Format: Kindle Edition Verified Purchase
A friend lent me the first in the trilogy, and I loved it, passed it on and Kindled the second in the series.
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1 of 1 people found the following review helpful By CharlotteThomas on June 3, 2013
Format: Kindle Edition Verified Purchase
Very basic story line. Not, in my opinion, that well written. Character developement lacking, story developement weak. Ending quite abrupt.
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1 of 1 people found the following review helpful By Mary Lins TOP 500 REVIEWERVINE VOICE on May 7, 2013
Format: Hardcover
Fans of "Habits of the House" by Fay Weldon rejoice! "Long Live the King", the second installment of the promised trilogy is here and it's another tasty morsel from "Upstairs/Downstairs" pilot writer, Weldon.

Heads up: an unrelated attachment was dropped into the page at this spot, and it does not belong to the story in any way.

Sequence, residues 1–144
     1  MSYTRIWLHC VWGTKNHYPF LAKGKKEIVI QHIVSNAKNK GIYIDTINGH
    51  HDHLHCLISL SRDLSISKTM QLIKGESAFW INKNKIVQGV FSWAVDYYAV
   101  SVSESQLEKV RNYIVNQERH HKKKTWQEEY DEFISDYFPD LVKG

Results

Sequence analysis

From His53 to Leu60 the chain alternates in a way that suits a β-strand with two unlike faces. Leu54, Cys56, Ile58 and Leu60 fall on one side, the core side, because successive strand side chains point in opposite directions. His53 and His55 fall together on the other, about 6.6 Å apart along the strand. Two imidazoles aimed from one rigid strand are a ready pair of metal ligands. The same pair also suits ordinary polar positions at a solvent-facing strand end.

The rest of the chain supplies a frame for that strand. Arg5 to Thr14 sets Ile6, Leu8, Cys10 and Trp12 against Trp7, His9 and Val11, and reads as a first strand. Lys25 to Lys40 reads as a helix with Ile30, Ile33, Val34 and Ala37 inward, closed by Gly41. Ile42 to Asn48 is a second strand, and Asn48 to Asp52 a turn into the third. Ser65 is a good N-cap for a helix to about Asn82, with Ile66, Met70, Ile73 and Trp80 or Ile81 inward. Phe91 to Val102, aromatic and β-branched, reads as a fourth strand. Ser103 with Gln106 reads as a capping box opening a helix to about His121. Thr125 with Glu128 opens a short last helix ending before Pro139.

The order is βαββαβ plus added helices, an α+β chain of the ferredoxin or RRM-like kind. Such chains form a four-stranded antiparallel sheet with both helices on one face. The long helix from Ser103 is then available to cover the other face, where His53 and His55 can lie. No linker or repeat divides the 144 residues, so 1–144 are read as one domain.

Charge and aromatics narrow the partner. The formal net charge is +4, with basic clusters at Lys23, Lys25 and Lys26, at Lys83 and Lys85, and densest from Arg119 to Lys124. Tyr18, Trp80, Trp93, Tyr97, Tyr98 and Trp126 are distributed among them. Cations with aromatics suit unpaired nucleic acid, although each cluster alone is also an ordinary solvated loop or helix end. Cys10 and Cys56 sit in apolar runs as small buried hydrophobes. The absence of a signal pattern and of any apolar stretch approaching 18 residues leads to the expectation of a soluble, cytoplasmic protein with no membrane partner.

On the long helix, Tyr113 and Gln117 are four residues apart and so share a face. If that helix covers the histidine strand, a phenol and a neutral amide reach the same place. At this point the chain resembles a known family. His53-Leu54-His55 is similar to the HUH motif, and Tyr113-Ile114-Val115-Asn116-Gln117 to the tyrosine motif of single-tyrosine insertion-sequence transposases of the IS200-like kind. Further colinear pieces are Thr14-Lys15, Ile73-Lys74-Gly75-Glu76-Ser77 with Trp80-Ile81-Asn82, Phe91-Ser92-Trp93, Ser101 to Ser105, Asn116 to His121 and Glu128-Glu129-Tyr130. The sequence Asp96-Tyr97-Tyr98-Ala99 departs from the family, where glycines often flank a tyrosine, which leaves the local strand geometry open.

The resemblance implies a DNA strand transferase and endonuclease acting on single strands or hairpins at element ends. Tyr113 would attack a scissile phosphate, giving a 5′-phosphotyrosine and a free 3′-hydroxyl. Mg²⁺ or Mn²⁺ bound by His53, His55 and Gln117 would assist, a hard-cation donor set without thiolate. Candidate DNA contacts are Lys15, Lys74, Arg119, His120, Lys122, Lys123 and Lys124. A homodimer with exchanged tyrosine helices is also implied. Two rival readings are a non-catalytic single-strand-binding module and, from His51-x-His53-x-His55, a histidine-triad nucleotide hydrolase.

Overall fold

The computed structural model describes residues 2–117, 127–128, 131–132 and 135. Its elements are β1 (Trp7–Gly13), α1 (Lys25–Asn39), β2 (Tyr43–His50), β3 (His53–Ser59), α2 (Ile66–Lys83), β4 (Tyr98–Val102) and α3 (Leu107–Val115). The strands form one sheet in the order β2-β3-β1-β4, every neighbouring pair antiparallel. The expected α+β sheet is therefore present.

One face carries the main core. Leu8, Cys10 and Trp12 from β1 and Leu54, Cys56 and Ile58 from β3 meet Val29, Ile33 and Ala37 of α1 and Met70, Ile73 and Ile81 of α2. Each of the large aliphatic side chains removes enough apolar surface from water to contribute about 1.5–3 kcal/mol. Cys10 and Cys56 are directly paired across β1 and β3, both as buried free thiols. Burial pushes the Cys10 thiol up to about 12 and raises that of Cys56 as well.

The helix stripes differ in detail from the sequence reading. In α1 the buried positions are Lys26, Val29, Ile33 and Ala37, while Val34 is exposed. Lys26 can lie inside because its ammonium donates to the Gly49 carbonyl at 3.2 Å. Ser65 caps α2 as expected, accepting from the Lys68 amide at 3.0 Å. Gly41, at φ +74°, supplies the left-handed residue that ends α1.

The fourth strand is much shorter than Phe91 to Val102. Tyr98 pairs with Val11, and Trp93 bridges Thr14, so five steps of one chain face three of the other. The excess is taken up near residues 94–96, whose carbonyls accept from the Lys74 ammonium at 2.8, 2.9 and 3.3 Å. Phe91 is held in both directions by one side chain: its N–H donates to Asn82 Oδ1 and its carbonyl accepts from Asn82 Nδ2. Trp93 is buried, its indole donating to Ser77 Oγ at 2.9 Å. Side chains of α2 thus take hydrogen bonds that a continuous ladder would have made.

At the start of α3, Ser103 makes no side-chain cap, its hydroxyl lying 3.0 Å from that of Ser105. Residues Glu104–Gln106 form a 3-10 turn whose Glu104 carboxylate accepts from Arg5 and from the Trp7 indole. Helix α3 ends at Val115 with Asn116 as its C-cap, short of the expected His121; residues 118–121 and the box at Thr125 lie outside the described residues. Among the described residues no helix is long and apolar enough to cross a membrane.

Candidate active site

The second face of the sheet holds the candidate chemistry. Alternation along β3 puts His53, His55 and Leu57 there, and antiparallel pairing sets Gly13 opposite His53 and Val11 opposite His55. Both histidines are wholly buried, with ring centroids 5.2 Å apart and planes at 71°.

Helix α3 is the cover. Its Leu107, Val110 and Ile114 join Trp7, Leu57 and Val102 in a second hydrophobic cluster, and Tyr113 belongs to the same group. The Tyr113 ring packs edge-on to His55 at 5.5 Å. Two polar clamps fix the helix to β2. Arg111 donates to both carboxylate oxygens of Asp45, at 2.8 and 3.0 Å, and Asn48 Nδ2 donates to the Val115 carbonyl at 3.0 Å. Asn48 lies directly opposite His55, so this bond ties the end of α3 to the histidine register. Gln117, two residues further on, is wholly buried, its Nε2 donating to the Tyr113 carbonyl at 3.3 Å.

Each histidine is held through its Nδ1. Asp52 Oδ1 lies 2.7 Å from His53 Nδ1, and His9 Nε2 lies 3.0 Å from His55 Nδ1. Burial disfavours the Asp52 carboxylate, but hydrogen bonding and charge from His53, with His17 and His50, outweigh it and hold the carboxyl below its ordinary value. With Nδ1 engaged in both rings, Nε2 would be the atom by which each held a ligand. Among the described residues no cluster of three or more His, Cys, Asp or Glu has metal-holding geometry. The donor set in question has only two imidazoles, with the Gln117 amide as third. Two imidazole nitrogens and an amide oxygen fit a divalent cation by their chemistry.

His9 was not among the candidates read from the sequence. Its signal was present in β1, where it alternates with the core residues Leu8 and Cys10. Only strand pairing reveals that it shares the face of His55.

"Downton Abby" fans who need a "fix" before the next season airs will want to tap into this trilogy depicting Robert, Earl of Dilberne, and his family, his servants, his Monarchs and his trades-people. This novel revolves around the flurry, fashion and frenzy anticipation of the Coronation of King Edward VII, following the death of his mother, the long-reigning Queen Victoria. Times are changing after the Queen's death; fashions and morals are getting a bit "looser" and the Earl's family and acquaintances are not immune from these changes.

Weldon's dry wit and sardonic story-telling are again in full view in "Long Live the King". The comparison/contrast is less between upstairs and downstairs in this novel as it is between upstairs and the "trade" class. Clearly the novel is well-researched and there are plenty of "behind the scenes" gossipy gems about Queen Victoria and her son Edward VII.

We are introduced in this novel to the Earl's young niece, Adela, and a juicy plot that includes Coronation machinations, Spiritualism (popular at the time), Kidnapping, Church of England turf wars, Anglican convents, and Zionism. All told with Weldon's great style and panache! The plot also advances significantly for Robert and Isobel's children, Rosina and Arthur and is American wife, Minnie.

I'm already looking forward to the third installment!